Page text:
758 Lauding The Lakeland

by   David Hancock

  Today’s Lakeland Terrier represents the old rough-coated black and tan dog, with the undervalued Manchester Terrier representing the smooth variety. If you look at books devoted to terriers of a century ago, you could be forgiven for missing any references to the Lakeland Terrier. Darley Matheson’s Terriers of 1922 doesn’t list it and Pierce O’Conor’s Sporting Terriers a few years later only contains an illustration of  “a working terrier from Lakeland” which resembles a Border Terrier. He gives no words on this breed but finds space for two paragraphs on the Otter Terrier, whilst admitting that it was probably extinct. But Hutchinson’s Dog Encyclopaedia of 1934 has 10 full pages on the Lakeland, including 18 photographs. A dozen years earlier, from thenames of Patterdale, Fell, the Coloured Terrier and the Elterwater Terriers, the breed title of Lakeland became accepted in the show ring, a breed club having been formed in 1912, with KC recognition being achieved in 1921, a year after the Border Terrier. Less than half a century later, a Lakeland Terrier went Best in Show at Crufts then Best in Show at the prestigious Westminster show in America the following year, some achievement.

   But how can you claim a distinct heritage for any terrier from the Lake District? In his The Book of Terriers of 1968, CGE Wimhurst wrote: “For many centuries the northern counties of England have been famous for the gameness and the working ability of the terriers bred there by hard-bitten breeders who cared not at all for appearance and whose estimation of a dog was based solely upon its prowess in the field. These terriers were known by a number of names, usually associated with the district in which they were bred – a custom which led to almost identical strains being known by different names. This tended to baffle the stranger visiting the north until, within comparatively recent times, clubs were formed and a common name for the breed chosen.”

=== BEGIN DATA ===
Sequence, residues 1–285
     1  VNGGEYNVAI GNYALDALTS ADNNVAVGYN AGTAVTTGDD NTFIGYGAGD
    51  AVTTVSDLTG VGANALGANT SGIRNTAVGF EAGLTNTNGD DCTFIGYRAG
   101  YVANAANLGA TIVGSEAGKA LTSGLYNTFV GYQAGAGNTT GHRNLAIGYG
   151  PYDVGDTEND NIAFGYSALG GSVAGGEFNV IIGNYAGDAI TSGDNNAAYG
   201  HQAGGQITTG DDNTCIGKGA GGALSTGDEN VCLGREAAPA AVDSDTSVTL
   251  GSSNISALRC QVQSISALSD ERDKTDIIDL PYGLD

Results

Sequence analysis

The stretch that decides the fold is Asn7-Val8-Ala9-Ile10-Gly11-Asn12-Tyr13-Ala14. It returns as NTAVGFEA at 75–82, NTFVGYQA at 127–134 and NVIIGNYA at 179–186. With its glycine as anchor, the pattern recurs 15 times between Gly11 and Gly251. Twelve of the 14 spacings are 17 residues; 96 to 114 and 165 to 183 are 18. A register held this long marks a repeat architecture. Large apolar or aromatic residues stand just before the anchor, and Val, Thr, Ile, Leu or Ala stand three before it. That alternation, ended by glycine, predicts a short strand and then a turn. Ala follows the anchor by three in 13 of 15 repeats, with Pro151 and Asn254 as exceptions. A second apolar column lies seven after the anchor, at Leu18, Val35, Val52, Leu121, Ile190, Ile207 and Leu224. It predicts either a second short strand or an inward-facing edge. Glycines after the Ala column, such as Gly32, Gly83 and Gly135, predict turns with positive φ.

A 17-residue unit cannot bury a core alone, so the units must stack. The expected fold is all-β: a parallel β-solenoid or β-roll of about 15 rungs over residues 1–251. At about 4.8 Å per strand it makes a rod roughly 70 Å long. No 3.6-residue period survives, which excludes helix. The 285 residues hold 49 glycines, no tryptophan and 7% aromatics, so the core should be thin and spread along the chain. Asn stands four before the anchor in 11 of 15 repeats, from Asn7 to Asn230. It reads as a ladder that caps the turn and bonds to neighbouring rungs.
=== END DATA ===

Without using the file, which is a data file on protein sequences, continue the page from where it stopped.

Experts on northern terriers never gottoo worked up about breed titles. Richard Clapham, writing on Fox-Hunting in Lakeland, in The Lonsdale Library’s Volume VII, Fox-Hunting of 1930, set out this approach: “When speaking of fell hunting, mention must be made of the terriers, which are indispensable for bolting foxes from the rock-earths. Without them many a fox would have to be left that richly deserved killing. The terrier most suitable for work on the fellshould weigh from 15lb. to 16lb.; coat thick and wet-resisting; chest narrow, but not so much so as to impede the free action of heart and lungs; legs sufficiently long to enable the dog to travel above ground with ease to himself; teeth level, jaw strong but not too long; ears small and dropped close to the head, so that they are less likely to be torn by foxes. Most Lakeland terriers are of the so-called ‘Patterdale’ breed, with more or less Bedlington blood in them…Fell terriers have to follow the huntsman all day over rough going, perhaps in snow; thus they are better for being a bit on the leg.”